Calling for ‘a single shore’, the SI Mediterranean Committee meets in Barcelona
5-6 October 2009
With the vision of ‘a single shore’ for the Mediterranean, members of the SI Committee for that region convened in Barcelona on 5-6 October, to further discussions on a range of issues affecting the Mediterranean, under the two main themes of “For a new impetus to the policies of cooperation and integration in the Mediterranean: the commitment of democratic socialism” and “Building a common future of inclusion, democracy and peace in the region”.
Hosted by the SI member Spanish Socialist Workers’ Party, PSOE, and chaired by Elena Valenciano, Secretary for International Policy and Cooperation, Chair of the Committee, the meeting was addressed at its opening by the President of the Generalitat de Catalunya (government of Catalonia), José Montilla, and at its closing by the Mayor of Barcelona, Jordi Hereu.
Opening the meeting, the SI Secretary General Luis Ayala, who had arrived that morning directly from Athens, expressed the joy of the whole Socialist International at the victory in Greece of SI President George Papandreou and PASOK, which he said was a victory for us all. Social democracy was responding to people’s hopes and aspirations, and the SI was rising to the challenges we all faced. At recent meetings in New York we had set out our position on the key issues of the global economic crisis and climate change, and here in Barcelona we were demonstrating that the concerns of the Mediterranean were part of our identity. We were committed to bringing politics back, he said, with energy, determination and solidarity.
As Chair of the Committee, Elena Valenciano warmly welcomed all participants, saying it was difficult to find a more propitious place than this city for our meeting, being a dynamic, open, tolerant and multicultural space, which truly reflected the character of the region, and which had been unanimously designated the permanent seat of the Secretariat of the Union for the Mediterranean. Socialists from the Mediterranean all lived on the same shore, united by the same sea, and our ideal was that all on that shore should share the same conditions for life, development and equality and that in a not so distant future all would speak with one voice. Aware of the enormity of this task due to the complex circumstances which affected the region, she said that we socialists were resolute in our determination to overcome the problems and fulfil our ambitions.
Welcoming everyone to Catalonia, José Montilla, as President of the Generalitat expressed his appreciation for the choice of Barcelona as the venue of this meeting in which participants would share reflections and debate on crucial regional issues. It was important to debate what type of a Mediterranean we wanted and on how to build a true co-existence between its inhabitants and a future of peace between its States. In this globalised world, he said, which has been suffering profound changes, the values and social policies of the Socialist International have taken on greater relevance. He felt deep pride that Barcelona had been chosen as the venue of the Union of the Mediterranean, as it is a truly Mediterranean city and it believes firmly in a Mediterranean which is socially, economically and culturally united.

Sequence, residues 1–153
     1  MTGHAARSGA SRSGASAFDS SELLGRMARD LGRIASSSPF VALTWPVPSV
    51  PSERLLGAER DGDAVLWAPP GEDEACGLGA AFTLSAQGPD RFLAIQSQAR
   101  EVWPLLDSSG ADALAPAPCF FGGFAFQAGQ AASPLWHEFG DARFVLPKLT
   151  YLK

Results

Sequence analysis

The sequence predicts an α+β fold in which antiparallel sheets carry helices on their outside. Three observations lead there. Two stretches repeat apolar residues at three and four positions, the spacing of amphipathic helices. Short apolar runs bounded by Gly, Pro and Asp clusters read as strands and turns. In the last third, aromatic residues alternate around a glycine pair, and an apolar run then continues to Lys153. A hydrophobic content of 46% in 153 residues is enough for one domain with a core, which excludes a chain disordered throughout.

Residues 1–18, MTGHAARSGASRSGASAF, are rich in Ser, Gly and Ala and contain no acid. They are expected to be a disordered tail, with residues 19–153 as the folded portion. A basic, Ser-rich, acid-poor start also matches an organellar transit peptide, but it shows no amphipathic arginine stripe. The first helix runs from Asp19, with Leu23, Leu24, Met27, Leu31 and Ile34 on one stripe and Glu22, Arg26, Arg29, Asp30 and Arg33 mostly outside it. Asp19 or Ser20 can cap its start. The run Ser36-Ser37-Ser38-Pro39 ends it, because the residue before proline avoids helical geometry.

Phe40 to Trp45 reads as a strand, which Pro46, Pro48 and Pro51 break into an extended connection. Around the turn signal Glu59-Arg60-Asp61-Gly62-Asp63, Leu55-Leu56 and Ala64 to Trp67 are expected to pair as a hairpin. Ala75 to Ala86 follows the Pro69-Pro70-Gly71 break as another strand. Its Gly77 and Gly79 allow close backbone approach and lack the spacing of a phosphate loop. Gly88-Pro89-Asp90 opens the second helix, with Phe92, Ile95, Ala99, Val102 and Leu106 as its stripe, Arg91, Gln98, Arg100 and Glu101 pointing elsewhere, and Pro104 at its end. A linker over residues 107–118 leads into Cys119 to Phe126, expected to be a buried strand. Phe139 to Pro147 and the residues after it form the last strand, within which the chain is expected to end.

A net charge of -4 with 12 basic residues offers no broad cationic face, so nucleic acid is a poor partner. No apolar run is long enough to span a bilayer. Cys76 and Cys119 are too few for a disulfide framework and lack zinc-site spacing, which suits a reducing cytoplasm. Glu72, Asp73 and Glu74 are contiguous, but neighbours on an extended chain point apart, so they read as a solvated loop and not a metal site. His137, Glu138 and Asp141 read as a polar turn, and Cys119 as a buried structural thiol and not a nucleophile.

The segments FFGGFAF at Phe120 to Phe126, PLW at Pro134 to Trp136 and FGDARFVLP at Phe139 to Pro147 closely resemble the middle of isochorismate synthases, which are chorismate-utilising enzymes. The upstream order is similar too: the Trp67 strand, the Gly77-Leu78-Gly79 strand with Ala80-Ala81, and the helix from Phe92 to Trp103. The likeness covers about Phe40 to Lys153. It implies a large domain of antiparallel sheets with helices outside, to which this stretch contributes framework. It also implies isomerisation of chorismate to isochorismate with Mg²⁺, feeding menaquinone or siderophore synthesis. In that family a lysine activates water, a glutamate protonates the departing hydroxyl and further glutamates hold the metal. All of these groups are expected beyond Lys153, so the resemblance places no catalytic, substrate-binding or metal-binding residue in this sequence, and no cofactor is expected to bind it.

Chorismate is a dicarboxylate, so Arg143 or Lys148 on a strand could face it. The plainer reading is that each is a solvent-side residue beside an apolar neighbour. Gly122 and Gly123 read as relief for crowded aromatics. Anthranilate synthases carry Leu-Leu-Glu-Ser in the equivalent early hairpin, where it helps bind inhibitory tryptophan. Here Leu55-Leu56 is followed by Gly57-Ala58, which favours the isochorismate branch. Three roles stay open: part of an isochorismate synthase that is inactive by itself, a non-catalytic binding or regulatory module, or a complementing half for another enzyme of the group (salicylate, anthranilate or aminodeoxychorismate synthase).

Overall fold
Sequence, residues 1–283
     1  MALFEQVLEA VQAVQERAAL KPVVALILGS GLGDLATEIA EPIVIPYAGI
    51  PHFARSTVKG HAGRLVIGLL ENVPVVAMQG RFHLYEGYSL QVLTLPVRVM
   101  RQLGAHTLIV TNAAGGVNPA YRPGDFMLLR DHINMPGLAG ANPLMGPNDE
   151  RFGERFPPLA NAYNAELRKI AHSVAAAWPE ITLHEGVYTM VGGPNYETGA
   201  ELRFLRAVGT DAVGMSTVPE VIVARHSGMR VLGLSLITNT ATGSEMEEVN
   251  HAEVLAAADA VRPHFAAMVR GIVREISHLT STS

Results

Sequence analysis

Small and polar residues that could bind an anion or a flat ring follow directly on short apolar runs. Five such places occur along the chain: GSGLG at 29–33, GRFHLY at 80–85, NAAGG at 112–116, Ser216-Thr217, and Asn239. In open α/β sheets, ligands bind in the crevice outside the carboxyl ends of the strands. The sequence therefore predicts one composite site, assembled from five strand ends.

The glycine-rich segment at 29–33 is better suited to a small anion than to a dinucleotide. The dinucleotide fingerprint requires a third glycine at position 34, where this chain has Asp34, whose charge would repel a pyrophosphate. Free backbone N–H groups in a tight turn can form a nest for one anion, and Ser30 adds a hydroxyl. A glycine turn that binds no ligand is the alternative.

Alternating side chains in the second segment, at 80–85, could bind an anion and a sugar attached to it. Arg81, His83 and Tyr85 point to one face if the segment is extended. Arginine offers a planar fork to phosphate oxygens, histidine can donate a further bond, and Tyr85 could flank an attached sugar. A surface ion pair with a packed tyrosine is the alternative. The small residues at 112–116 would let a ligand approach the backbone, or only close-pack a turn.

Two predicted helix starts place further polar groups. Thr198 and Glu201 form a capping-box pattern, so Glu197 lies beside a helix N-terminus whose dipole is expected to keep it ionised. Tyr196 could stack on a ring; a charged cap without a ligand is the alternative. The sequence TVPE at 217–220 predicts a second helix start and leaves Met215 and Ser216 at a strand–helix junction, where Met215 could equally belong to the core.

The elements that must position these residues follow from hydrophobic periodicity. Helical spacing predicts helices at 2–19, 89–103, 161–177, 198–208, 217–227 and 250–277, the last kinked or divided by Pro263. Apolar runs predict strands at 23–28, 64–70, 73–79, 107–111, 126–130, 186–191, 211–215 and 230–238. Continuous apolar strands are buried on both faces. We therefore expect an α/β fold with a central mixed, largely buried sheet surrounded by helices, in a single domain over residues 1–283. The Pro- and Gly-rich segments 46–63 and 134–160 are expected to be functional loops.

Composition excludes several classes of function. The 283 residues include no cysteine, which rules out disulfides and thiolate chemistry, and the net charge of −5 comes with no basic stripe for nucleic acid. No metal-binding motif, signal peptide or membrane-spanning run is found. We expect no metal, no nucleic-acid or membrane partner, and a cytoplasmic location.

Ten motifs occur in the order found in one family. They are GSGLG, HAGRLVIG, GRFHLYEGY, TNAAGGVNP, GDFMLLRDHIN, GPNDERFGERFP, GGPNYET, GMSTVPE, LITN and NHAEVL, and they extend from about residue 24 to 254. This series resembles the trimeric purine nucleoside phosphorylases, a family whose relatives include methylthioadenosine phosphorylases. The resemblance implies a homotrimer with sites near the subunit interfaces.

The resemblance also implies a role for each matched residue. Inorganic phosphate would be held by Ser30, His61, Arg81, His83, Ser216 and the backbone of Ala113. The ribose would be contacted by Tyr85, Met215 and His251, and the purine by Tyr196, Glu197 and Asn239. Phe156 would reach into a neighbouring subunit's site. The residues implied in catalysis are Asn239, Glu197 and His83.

During the two days, participants from Albania, Andorra, Cyprus, France, Greece, Italy, Lebanon, Malta, Montenegro, Morocco, Palestine, San Marino, Spain, Sweden, Tunisia, Turkey, Western Sahara and the PES, debated a wide variety of issues, in particular on how to inject new impetus into the policies of cooperation and integration and on the key questions of democracy and peace in the region with particular attention to national situations in countries of the region.
One of the most flagrant problems facing the region was that of conflict, and the Committee reaffirmed its determination to spare no efforts in contributing to their solution. The Israeli-Palestinian conflict was of prime concern and participants called for road maps that are shorter, not endless, and above all road maps to be covered in full, so that the end goal could be reached. The Committee was encouraged by the dialogue underway between the two communities in Cyprus, which it welcomed and supported, and by the results of the first meetings held in regard to Western Sahara by the UN with the parties concerned.
Deficits in democracy in some countries of the region were addressed and particular concern was expressed about the situation in Albania where democracy needed to be reasserted and the demands in relation to violations and irregularities of the June 28 elections needed to be recognised. The importance of good governance and combating political corruption was underlined, as stated in the document adopted by the Committee, “The way forward lies in democratic responsibility…Citizens deserve respect and consideration from their rulers. Nothing is less democratic than rulers with no sense of the ridiculous, who consider themselves above the people, above democracy and its institutions, and even above the most basic rules of dignity”.
The closing session was addressed by Jordi Herreu, the Mayor of Barcelona, a city that has had a socialist government for over thirty years. He highlighted the importance of the values of cooperation, solidarity and openness, which were all typical of Barcelona and its people. As the seat of the new Union for the Mediterranean, the city looked to the future with hope, wanting to be active agents in constructing the world we all wanted to live in.
The Declaration adopted at the end of the meeting highlights this spirit and the view of the socialists in the Mediterranean that although there is a north and south shore, for socialists it is a single shore, one of justice, equality, freedom, plurality, democracy and respect – a shore of peace.